finished! & yarns

Caroline sweater

In addition to my original designs, I made two sweaters designed by “others” this fall-winter season. If you have already designed a pattern, you may know how grateful you are to other designers who thought of every detail, calculated number of stitches and rows, wrote everything down… I like designing garments from scratch and it’s an immense joy to see your ideas taking shape but I also love that pleasure to follow other designers’ patterns and get what I see on the pictures.

I made Caroline pullover by eri shimizu, and KP yoke – Rasen pullover by Ririko, both created by talented Japanese designers and #strandsoflifeedited 🙂

Caroline sweater is a top-down raglan yoke sweater with (almost) all-over rib cables. Eri designed it with a yarn from Nomad noos, a Swiss company which works for and with Nepalese people according to fair-trade principle. They train the locals, and pay them a fair wage for their work. The yarn is made with local sheep, camel or yak wool, dyed and hand-spun by Nepalese, into a light-fingering weight yarn!
So Eri’s sample is knit with a lovely white light-fingering weight yarn, but I used a fingering weight yarn that I bought a SQ for another project and which turned out not adapted to it!

The yarn I used is Harvest Hues 4-ply from John Arbon Textiles.

It’s a British yarn, made with wool from Devon-raised zwartble and Falkland merino. Harvest hues are inspired by England’s nature. The wool which arrives already dyed is blended with brown zwartble wool, which gives depth to the hues. This Bracken shade is a blend of red, brown, orange, yellow, and green, and is really nice!
The touch, however, is not very soft despite of the (more than) majority presence of merino (65%). Personally it’s okay for clothes, accessories like mitts or hats, but not around my neck (my skin is a bit sensitive).

I bought this yarn in 2020, before Brexit, and when I read this kind of articles, I think I did the right thing. And it’s very unlikely that I’ll buy British yarn in the near future, unfortunately.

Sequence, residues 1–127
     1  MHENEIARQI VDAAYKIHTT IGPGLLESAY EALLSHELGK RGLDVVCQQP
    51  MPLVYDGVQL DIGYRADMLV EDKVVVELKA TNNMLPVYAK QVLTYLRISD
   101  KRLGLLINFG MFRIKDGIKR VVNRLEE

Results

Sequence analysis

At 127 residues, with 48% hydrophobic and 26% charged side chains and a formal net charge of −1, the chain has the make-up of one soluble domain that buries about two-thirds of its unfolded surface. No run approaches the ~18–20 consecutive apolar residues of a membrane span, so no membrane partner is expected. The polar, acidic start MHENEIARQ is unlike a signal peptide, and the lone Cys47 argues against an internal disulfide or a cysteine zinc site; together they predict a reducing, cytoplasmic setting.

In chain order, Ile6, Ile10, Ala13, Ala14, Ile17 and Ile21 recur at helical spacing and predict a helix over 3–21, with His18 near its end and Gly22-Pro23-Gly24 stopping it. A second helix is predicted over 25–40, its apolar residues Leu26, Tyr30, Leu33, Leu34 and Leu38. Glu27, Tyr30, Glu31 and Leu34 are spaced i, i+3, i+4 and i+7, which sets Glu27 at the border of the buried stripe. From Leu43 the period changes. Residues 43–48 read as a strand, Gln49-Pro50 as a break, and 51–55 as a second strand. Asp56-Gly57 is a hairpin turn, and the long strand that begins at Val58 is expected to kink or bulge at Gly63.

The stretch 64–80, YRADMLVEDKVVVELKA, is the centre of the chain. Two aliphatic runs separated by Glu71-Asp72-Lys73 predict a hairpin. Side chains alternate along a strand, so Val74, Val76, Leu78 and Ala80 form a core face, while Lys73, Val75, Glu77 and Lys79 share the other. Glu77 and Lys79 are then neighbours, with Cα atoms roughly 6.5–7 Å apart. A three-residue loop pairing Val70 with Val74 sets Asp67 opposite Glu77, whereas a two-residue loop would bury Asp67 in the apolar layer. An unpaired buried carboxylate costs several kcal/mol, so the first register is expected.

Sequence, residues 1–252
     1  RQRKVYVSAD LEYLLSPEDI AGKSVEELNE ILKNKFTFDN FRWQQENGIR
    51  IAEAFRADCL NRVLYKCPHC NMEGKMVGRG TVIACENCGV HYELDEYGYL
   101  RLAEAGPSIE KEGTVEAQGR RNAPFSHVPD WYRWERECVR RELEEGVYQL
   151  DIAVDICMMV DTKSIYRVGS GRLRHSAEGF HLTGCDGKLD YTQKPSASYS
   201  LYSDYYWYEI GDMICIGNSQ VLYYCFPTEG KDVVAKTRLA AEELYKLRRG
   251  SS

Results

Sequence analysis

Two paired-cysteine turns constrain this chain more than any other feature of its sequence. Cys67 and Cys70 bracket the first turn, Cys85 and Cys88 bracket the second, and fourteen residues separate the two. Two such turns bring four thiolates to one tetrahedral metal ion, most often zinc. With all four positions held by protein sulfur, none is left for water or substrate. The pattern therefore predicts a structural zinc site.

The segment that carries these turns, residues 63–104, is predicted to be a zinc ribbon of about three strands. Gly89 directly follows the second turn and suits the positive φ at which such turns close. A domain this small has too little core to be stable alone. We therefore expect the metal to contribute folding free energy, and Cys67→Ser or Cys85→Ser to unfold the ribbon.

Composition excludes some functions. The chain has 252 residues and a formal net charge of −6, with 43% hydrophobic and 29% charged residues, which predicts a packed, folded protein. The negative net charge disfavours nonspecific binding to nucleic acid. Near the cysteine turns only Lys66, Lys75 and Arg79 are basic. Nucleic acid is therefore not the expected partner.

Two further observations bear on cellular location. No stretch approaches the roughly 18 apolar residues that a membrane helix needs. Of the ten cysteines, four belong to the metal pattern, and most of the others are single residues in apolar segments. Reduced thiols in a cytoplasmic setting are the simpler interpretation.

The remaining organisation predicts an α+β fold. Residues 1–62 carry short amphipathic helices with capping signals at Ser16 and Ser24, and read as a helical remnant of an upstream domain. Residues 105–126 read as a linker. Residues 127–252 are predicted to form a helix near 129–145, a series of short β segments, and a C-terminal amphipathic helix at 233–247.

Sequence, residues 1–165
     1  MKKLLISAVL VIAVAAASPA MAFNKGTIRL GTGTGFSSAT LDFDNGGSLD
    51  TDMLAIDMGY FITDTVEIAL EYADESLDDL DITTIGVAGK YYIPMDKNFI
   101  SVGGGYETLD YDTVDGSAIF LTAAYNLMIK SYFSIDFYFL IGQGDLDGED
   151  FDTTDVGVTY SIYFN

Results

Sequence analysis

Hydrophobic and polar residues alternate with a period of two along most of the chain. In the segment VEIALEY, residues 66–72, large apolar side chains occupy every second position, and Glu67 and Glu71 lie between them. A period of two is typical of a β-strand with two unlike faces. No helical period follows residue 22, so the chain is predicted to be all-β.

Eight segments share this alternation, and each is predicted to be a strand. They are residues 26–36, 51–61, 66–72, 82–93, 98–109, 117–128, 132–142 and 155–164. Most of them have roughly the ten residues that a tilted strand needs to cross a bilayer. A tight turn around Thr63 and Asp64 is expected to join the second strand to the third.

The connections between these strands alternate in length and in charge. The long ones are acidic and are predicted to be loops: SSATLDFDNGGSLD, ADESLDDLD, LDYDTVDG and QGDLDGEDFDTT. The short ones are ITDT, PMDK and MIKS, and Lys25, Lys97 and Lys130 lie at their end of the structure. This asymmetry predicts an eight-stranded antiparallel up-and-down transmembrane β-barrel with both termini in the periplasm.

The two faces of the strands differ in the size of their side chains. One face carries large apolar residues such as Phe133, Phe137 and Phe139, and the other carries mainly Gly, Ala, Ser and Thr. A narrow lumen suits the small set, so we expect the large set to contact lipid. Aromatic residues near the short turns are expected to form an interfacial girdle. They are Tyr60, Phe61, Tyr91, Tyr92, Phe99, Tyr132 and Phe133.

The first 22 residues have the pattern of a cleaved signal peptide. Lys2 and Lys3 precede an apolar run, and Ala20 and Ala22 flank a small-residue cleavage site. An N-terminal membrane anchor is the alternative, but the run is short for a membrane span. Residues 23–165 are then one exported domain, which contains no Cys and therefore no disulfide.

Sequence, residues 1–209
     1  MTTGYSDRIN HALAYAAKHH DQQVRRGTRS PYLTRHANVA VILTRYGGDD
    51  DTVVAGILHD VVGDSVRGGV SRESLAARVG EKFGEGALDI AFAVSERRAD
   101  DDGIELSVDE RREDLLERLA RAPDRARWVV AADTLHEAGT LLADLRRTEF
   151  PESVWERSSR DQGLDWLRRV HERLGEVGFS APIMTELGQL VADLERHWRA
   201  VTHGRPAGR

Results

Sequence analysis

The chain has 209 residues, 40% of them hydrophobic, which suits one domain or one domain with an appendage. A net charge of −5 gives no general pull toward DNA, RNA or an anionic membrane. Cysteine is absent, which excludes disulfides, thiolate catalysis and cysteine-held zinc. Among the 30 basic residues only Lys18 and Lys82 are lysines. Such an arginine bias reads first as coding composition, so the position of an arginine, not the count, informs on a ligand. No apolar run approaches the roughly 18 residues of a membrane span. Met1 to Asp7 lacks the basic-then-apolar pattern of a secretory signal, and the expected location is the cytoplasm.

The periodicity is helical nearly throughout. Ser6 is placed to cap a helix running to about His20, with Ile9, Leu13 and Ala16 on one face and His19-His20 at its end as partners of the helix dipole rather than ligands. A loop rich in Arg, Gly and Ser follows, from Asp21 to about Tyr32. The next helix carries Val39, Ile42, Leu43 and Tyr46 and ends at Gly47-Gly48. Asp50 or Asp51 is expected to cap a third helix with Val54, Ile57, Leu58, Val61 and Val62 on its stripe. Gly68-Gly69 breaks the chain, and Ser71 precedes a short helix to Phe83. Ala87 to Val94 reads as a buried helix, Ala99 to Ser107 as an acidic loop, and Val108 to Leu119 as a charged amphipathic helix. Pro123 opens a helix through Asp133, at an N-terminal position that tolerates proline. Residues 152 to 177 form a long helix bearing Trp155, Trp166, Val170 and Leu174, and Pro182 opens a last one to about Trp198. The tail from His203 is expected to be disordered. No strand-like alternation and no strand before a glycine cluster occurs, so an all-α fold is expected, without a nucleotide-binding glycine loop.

So, I got the gauge and began to knit the sweater in fall 2020 with this autumnal shade and from the start, I knew that I chose the right color and yarn for this sweater!
The sweater is worked top-down, and it knits down (relatively) quickly at the start as there’s a (relatively) small number of stitches. You first work the center cable panels on the front and back, then add side cables to both sides of the center as well as the sleeve cables, as you increase stitches in 2×2 rib pattern. The hardest part is the end of the yoke as you need to work center + sides + sleeve cables in the same row, but I can say that you get hooked as the cables grow!

After the sleeve separation, there are only the center and side cables on the body and you could understand what to do though I was not able to memorize these complexe cables.

The sleeve cables are much simpler than those on the body (much fewer crossings).

And the sweater just off needle looked very narrow, because the purl stitches of the ribbing recede. Also, I made the body and sleeves longer, which increases this feeling of “sock sweater”.

I measured the sweater’s bust and the result made me 😱

34.5 cm is 13.5″!

In fact, while knitting it, I was worrying that it would be too tight, but a knitting friend told me that it would stretch.
So I stretched it out at the blocking!


The body width is now okay but stretching made it a bit short… (38 cm to 35 cm [15″ to 13.75″]).

This length is in fact perfect for skirts or high-waist pants, so I took pictures with a skirt.

The problem is I don’t wear skirts in winter (lol) and for me who spent my youth in 90’s, 80’s revival high-waisted pants, I just can’t!
You can see it’s a bit short with my mid-rise jean.

So I added a few centimeters to the body hem and sleeve cuffs.

Don’t you see any difference? I don’t have to pull it down to hide my waist and I’m much comfortable with, and this is the most important thing!

And here is the zoomed-in picture of the cables to make you want to knit this sweater 🙂

NOTES
Pattern: Caroline by eri shimizu
Yarn: John Arbon Textiles Harvest Hues 4-ply Bracken
Needles: 3.5 mm (US4) for body and sleeves & 3.25 mm (US3) for borders
Mods: longer body and sleeves, neck and body border in simple 2×2 ribbing (not twisted)

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